Roughly ten years ago, TomTom and Garmin smartly made a decision to manufacture GPS units specifically made for motorcycles. Models such as the TomTom Rider and Garmin Zumo series were marketed specifically for motorcycle use. They sold a lot of them, and we sold a lot of mounts for these models. There are several key differences between units made for motorcycles versus the car. Most motorcycle units are weatherproof. Note we use the word weatherproof and not waterproof. Waterproof implies you can dunk it in a bucket of water and have it come out fully functional and that’s not the case. Under most normal driving, a weatherproof unit will serve you well and without any issues. A motorcycle GPS is also made to withstand the vibrations of a motorcycle better than the car variety (or at least that’s the claim). Lastly, a motorcycle GPS has more emphasis on bluetooth integration for use with a bluetooth enabled helmet or headset.
All of this comes at a price, with most motorcycle units costing a few hundred dollars more than those made for everyday car use. That’s quite a bit of money so the question is if you can use a car GPS on a motorcycle and the answer is usually yes. Today’s car units made by the major manufacturers seem to be as ruggedly made as their motorcycle equivalents, so much so that we seem to see less and less marketing for the motorcycle varieties. When poor weather strikes, chances are you aren’t going to be riding too far in it so the weatherproof question is also a non-issue.
We have given a lot of advice to those wanting to use their car GPS on their motorcycle and I cannot remember anyone coming forward saying the vibrations disabled their unit. We have received a lot questions for what to do about the GPS when it starts to rain. There a bunch of mounts with weatherproof cases available and we wrote about them in an article which you may read here. The problem again, is that they are weatherproof, not waterproof. As GPS units get larger, the availability of weatherproof cases gets smaller simply because the size of the case will need to exceed that of the GPS and pretty soon, it’s like you are driving with a television on your handlebars. We have seen riders use a variety of solutions that typically involve use of baggies or even shower caps which I guess will work, but I always though that putting a ten-cent baggie on a $20,000 HD looks pretty tacky.
There are a lot of mounts available for motorcycle use. An inexpensive favorite is the Arkon handlebar mount made for Garmin Nuvi models. The mount features a 17mm ball which is the size that you need to fit the cradle that came with your Nuvi. It’s probably attached to your suction cup mount. Just pull it off and attach it to the handlebar mount.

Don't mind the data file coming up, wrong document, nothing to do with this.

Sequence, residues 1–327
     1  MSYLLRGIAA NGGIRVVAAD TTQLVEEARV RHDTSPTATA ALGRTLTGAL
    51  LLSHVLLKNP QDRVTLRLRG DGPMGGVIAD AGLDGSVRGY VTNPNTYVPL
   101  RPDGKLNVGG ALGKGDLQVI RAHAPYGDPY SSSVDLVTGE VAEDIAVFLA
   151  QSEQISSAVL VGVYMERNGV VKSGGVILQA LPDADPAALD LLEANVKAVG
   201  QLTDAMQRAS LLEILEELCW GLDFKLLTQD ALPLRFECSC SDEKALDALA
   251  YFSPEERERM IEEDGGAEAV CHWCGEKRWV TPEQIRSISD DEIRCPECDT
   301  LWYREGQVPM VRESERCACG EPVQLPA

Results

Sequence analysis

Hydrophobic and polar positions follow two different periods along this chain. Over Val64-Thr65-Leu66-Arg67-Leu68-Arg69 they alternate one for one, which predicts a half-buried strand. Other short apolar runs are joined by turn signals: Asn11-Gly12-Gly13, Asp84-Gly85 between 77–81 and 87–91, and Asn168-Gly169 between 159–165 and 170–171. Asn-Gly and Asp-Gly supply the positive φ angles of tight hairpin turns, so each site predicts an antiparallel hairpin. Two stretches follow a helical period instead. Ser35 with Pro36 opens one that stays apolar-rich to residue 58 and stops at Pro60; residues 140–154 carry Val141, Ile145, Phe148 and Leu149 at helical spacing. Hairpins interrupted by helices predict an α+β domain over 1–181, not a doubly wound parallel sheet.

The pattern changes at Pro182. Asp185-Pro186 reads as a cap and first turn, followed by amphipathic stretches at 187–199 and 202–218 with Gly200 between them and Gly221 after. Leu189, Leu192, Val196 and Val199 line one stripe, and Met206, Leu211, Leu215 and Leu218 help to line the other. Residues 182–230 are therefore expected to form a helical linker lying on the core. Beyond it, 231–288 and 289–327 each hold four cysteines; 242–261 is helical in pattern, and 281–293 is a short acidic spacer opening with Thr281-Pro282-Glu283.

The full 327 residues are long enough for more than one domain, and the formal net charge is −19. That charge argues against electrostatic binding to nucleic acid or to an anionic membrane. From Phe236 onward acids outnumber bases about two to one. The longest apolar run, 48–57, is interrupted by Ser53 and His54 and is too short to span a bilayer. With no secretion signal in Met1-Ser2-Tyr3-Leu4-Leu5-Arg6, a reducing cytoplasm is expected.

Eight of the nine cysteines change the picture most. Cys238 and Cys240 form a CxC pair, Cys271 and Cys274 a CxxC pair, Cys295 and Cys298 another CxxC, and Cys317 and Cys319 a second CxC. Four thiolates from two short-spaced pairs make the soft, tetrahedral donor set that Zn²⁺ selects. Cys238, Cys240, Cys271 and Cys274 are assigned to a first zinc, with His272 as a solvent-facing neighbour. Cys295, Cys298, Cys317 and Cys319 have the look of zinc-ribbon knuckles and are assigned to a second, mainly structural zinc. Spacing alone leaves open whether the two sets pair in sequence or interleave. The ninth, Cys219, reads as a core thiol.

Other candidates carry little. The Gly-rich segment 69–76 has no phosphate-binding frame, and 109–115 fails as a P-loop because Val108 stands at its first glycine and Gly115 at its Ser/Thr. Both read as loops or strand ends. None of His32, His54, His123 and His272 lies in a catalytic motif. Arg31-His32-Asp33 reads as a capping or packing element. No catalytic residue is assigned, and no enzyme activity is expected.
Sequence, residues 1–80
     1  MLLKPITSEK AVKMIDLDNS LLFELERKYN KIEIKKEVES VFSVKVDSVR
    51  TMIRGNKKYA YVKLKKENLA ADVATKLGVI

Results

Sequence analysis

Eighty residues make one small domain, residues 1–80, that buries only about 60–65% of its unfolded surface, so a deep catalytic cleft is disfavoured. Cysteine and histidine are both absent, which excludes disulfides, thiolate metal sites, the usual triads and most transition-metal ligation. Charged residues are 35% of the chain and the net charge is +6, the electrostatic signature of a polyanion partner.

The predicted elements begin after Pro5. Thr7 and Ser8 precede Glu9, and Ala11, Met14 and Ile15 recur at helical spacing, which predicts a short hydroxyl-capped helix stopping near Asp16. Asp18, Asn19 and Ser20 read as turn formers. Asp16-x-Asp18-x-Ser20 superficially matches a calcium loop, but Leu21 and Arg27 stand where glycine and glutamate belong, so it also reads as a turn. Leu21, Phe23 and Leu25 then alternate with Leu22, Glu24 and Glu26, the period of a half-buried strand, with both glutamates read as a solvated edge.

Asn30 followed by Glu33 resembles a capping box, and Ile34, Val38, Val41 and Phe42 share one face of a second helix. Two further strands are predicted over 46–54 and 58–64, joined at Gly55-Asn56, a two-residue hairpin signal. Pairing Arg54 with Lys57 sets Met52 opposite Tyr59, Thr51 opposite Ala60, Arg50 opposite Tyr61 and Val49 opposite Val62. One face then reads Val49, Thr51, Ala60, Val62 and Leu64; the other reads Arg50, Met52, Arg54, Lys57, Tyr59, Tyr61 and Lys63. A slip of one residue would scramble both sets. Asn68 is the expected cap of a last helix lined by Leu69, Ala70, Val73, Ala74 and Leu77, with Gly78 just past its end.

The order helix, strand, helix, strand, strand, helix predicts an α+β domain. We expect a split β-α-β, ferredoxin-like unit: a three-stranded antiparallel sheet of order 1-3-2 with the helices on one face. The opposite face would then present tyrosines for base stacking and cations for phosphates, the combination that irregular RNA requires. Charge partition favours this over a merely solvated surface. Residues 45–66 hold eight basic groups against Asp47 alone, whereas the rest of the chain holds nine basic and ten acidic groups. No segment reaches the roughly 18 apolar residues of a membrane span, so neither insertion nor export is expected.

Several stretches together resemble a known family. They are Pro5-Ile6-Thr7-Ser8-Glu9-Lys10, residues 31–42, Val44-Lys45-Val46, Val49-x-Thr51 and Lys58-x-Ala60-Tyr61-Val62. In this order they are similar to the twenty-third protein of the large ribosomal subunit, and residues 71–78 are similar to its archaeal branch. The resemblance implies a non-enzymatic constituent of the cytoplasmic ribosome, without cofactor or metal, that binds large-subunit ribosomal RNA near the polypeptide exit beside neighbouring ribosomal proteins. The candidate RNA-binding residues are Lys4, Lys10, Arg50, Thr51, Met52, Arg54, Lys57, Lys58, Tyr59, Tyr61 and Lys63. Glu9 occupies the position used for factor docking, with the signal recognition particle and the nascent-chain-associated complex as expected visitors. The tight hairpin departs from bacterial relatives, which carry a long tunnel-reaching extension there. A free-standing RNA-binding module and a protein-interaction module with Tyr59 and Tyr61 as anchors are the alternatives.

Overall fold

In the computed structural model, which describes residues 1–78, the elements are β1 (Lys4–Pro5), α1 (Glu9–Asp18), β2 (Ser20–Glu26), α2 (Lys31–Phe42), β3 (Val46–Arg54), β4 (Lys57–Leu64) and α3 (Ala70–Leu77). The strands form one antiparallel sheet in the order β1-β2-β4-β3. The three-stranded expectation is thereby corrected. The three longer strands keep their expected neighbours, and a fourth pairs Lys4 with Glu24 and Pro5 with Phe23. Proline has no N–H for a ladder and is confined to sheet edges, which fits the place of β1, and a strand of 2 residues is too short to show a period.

On the higher end is the Techmount Motorcycle Handlebar Mounting System. This is a chrome mount that has the 17mm ball needed to fit the Garmin Nuvi cradle. These fit handlebars from 7/8″ to 1.25″. These mounts are compatible with a lot of other mounting attachments from Techmount including the TechGripper for cell phones.
If you have a TomTom GPS, it’s a bit more complicated because most of their mounts attach directly to the back of the unit. For TomTom (and for Garmin), there are some excellent weatherproof cases with bundled mounts available. The RAM Medium Wide Aquabox Mount fits most units up to a 5 inch diagonal screen size. An inexpensive but sturdy weatherproof option is pictured in use next to this article. It is also made by Arkon and comes with a flexible case and mount. These fit GPS models up to 5.5 inches diagonal and will fit handlebars up to 1.25 inches diameter.
Hey what about power you may ask. We have you covered there too. There are plenty of hardwire kits available. We wrote a detailed article on this topic here but our favorite hardwire kit is the Eklipes Cobra which allows use of the Garmin or TomTom charger directly. This is preferred especially for traffic models where the traffic antenna is integrated into the power cable. As a side benefit, this hardwire kit also supports a USB power attachment for smartphones so you can charge your phone while your GPS is hooked up. We wrote a detailed spotlight on this product and like it a lot.
Just my opinion, but given my experience, I find that a car GPS works quite well on a motorcycle. Be sure that you purchase a secure mount for your GPS that will hold your unit very securely. I always liked to add the additional safety of a tether strap to the GPS. Some units come with a small loop molder onto the GPS for attachment of a tether. Some will use some rubber cement to attach a tether to the back of their unit and tie it to the handlebars. And when it rains, take the shower cap out of your saddle bag and protect your unit. Just be sure to take it off as soon as it stops raining and before anybody notices.
We have an excellent article that discusses the differences between a car and motorcycle GPS in depth is here.